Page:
If you haven't decorated, it's not too late. Get your stuff out and make your house feel like Christmas! Then get out the hot chocolate and play your favorite Christmas music and thank God for this time of year when we stop long enough to remember the miracle of God coming to earth in the form of a baby, to live among us, to know what it is to live in a human body, to feel human emotions, and to grow up to give His life for us. How can any of us feel lonely when there is a God who loves us that much?

Make the most of this Christmas. It's the most wonderful time of year!

December 17, 2009

Laughter is the Best Medicine

Let me make this clear: 
  • Santa Claus is about children.
  • Rudolph is about children.
  • Frosty the Snowman is about children.
  • Christmas is about One child, who came down from Heaven in the most amazing way to save the world, which is even more amazing.

Now that we've established that, one of my favorite Christmas rituals used to be watching the preschool choirs perform at church each December. I admit that I loved it because the kids made me laugh. Preschoolers can always be counted on to do something that older kids know isn't appropriate, from wardrobe malfunctions to hamming up their performances.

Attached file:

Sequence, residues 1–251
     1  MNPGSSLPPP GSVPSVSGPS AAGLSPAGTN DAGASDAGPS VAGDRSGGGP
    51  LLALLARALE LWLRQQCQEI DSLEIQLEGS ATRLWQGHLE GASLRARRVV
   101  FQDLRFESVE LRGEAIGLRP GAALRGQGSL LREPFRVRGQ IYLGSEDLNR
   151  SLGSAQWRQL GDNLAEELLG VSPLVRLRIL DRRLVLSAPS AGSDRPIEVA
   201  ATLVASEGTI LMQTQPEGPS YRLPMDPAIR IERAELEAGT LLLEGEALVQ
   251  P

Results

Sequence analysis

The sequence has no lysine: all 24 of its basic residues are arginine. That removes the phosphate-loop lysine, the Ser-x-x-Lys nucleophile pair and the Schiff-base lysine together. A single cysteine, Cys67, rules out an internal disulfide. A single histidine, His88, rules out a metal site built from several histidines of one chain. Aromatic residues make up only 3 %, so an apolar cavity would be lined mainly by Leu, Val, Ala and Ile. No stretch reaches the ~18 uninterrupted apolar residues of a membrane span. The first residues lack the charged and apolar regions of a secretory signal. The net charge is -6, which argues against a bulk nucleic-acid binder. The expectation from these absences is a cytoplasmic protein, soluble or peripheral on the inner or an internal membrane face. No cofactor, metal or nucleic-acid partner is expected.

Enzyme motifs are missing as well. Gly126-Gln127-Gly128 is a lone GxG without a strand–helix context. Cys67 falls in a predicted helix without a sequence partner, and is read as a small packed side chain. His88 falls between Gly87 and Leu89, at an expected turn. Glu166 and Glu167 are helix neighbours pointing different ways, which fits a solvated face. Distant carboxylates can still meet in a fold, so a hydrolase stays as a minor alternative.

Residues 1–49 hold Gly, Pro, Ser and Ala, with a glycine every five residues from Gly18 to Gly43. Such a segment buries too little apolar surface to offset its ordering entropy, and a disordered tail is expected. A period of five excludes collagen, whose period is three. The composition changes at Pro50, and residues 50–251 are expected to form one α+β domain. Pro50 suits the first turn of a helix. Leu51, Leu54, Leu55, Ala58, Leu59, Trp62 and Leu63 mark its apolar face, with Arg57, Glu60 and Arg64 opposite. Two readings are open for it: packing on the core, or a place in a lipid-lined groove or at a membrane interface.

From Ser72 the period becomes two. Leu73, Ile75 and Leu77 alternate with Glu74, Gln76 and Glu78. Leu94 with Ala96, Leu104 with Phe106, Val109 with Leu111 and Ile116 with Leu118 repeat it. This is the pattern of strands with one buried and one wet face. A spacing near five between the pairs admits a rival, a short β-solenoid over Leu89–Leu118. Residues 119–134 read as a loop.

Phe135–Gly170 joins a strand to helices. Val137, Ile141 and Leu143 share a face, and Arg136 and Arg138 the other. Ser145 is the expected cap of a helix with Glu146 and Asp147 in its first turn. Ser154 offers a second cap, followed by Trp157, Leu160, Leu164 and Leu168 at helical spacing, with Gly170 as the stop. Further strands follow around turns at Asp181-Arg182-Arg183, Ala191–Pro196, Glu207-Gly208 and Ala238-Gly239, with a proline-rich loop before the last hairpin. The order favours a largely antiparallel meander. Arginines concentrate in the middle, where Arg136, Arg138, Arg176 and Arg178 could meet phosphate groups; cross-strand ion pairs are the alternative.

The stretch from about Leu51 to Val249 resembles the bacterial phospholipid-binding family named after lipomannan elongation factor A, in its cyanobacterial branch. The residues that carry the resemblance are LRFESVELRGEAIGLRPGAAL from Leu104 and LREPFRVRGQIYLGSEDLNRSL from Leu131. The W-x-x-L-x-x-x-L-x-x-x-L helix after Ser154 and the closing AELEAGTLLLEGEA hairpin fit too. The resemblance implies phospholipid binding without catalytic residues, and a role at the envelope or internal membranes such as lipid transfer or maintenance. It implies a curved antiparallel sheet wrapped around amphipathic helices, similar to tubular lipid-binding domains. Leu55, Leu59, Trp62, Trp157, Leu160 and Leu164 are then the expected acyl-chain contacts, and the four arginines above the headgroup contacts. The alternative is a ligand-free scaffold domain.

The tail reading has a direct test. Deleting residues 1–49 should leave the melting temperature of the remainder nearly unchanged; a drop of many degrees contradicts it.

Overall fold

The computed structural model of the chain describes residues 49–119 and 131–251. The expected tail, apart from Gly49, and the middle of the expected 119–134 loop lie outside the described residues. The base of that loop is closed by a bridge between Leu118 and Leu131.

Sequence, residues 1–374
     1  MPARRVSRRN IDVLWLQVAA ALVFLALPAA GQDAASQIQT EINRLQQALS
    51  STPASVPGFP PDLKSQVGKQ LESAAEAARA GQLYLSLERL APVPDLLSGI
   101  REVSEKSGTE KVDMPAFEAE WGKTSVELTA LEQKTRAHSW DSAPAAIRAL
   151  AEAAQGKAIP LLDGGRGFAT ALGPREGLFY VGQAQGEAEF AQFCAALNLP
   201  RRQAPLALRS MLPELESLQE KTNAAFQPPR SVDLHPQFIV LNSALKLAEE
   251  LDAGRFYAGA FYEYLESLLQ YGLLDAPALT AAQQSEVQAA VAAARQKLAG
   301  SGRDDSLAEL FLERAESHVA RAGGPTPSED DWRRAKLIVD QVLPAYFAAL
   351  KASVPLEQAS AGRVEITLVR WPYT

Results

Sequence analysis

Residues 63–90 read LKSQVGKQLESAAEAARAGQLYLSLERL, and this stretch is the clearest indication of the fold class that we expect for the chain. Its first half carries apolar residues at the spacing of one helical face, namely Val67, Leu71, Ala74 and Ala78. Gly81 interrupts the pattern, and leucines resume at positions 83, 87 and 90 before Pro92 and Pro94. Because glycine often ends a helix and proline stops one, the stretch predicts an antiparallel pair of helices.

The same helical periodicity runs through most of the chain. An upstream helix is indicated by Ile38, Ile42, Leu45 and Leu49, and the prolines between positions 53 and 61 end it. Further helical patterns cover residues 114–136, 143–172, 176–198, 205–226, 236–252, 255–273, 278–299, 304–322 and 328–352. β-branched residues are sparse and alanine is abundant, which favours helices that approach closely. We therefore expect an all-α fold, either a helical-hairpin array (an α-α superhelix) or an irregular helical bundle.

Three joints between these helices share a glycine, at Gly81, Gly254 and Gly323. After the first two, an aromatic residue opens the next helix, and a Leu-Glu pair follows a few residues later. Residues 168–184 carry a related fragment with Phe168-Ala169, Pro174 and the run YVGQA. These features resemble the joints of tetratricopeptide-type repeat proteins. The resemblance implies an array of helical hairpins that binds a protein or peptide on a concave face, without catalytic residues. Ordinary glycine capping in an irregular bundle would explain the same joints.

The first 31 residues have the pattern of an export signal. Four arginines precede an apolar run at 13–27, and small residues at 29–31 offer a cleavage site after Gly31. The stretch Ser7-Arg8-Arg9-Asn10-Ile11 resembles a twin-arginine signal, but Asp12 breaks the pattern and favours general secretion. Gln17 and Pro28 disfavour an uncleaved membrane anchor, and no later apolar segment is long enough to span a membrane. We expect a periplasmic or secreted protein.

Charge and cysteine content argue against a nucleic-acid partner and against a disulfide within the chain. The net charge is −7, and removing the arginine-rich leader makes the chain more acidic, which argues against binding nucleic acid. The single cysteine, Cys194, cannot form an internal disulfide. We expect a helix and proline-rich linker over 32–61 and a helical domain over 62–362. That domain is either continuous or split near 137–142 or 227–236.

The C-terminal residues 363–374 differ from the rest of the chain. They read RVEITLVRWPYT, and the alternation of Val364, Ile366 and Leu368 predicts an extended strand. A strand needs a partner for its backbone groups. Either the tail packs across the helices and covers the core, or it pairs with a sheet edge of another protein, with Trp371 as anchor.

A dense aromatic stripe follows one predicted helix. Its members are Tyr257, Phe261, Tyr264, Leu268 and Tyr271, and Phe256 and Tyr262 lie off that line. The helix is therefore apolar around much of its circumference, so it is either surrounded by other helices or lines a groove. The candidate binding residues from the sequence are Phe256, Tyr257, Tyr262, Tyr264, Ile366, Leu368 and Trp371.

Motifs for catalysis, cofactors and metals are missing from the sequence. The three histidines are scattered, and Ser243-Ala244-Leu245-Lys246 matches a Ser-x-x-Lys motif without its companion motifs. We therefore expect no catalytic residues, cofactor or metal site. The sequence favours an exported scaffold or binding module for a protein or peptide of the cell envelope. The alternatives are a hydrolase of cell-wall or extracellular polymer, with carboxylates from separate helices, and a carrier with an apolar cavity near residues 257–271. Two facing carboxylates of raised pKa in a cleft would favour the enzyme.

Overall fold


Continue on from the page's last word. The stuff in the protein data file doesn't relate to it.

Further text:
I remember a year when I was feeling particularly stressed and depressed as the holidays came closer. One Sunday, I was at church for hours of rehearsals for this mammoth Christmas production we used to do. We took a break so those who were involved with the children's choirs could go upstairs for their Christmas program. Some left for dinner but I went upstairs to watch the kids. I wasn't disappointed.

There was one 4-year-old boy who stole the show. He was towards the back, and yet he performed as though he was the only one there. He waved, he bowed, he may even have picked his nose. He sang louder and with more enthusiasm than all the other kids put together, as if he were the soloist and the rest were his backup singers. The fact that he was singing in front of a crowd in the sanctuary didn't faze him. The fact that we were starting to chuckle, and then giggle, and then laugh out loud didn't faze him. He was singing his heart out for Jesus.

I started laughing early on. During Away in the Manger I laughed so hard that tears began to stream down my cheeks. I couldn't stop laughing but I didn't care. And you know what? The stress I had been feeling began to melt away. I didn't feel depressed anymore. For the first time that year, I began to look forward to Christmas.

They say laughter can heal. Studies show that it boosts our immune systems, boosts our energy, and diminishes pain. Laughter reduces stress, and when people share laughter, it creates a bond. I have no doubt that God enjoys a laugh now and then, and he especially enjoys the sound of our laughter.